Friday, October 28, 2011

Eye-Opening Reminder

A friend recently posted a link to this article on Facebook.    I wasn't to excited to read it, mostly because someone has commented that she needed tissues after reading.   I was just getting my day started and didn't want to feel sad from the get-go.  But I went ahead and read it.  

You should too.

I'm a busy mom of two "babies" (a toddler and an infant).   I work part-time at a university teaching writing (so you can imagine the preparation and the stacks of essays I have to grade).   I also write part-time for various publications, and I'm in the beginning stages of writing an adoption book.    I do most of the household chores, make homemade meals (because nutrition is very important to me), and run Miss E to and from preschool and tap/ballet class.  I prep grocery lists, coupon, and do the Christmas and birthday shopping.    I try to sneak in moments of personal joy and relaxation---reading a book, exercising, blogging.  This occurs while my husband works long, hard hours in the financial industry, providing for our family.    Then he comes home and we take care of the girls, eat dinner, put the girls to bed, try to spend a bit of time together, before starting over again the next day.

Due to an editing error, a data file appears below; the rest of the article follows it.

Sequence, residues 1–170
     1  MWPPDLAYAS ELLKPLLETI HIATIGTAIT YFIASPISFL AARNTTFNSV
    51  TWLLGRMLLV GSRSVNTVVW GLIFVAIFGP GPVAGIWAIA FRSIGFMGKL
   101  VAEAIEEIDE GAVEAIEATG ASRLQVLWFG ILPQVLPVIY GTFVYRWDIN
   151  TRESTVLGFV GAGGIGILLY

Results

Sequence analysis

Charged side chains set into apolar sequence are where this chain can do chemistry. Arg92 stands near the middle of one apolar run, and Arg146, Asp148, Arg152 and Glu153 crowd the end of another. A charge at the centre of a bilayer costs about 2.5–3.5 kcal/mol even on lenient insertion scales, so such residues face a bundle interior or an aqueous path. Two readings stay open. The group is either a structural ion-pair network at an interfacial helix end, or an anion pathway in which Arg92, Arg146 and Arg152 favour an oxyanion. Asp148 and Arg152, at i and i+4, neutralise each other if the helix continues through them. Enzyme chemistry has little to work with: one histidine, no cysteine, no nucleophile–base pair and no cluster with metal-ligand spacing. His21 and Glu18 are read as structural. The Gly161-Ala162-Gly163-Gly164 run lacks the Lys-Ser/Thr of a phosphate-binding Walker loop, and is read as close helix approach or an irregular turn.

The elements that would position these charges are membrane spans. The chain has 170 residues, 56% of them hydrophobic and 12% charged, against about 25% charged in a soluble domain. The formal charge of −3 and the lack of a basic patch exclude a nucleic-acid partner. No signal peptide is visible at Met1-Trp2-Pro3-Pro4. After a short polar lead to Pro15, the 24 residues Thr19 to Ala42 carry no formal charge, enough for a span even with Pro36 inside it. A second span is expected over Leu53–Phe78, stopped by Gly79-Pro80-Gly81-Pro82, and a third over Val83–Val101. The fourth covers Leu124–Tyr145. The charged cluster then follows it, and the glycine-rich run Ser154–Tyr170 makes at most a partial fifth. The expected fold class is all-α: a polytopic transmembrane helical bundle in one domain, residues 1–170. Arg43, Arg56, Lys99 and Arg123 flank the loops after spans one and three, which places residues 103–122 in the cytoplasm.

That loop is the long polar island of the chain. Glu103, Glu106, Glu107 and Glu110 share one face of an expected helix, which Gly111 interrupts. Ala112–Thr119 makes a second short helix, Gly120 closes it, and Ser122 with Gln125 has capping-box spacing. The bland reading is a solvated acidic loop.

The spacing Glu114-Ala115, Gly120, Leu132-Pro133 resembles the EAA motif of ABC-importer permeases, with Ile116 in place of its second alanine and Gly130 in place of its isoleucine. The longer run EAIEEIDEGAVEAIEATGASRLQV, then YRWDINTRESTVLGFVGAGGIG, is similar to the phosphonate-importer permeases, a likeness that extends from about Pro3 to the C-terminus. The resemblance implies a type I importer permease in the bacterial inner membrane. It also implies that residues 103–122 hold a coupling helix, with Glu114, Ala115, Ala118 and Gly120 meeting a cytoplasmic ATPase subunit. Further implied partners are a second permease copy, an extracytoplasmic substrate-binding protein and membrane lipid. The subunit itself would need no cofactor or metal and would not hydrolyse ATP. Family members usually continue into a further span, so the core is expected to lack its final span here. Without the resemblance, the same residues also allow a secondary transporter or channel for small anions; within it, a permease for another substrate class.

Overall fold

Sound familiar?

We are busy.   Every day is a new adventure.

And in the midst of these activities and jobs and tasks, we so often forget to just stop and cuddle our babies, or start a tickle war, or head outdoors to play on the swing set.   

Some days, I stop in the middle of doing everything and think, "What am I doing?"  And more importantly, "What am I not doing?!?"  

As I get closer to the big 3-0, I look around at those whom I grew up with.  I think about their choices now---and so many of those choices, and the way they respond to hardship, and their mannerisms, and the way they raise their kids---so much of it is based on how their parents treated them.

And the weight, the monumental role of being called "mom,"  hits me, to be cliche, like a ton of bricks.  

Parents, we have a big job.   One that never gets a day off.   One that makes or breaks a child.   One that requires so much patience, self-control, sacrifice, understanding, love, and wisdom.

This article says all that is on my heart today.   I hope you will take time to read it, reflect, and think about what you can change to become the best parent you can be to your current and future blessings.  

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